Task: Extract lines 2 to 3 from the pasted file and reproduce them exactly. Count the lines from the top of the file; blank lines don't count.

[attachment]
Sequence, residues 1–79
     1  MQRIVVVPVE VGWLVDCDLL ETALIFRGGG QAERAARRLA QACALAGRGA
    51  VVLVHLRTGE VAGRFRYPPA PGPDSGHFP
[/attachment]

     1  MQRIVVVPVE VGWLVDCDLL ETALIFRGGG QAERAARRLA QACALAGRGA
    51  VVLVHLRTGE VAGRFRYPPA PGPDSGHFP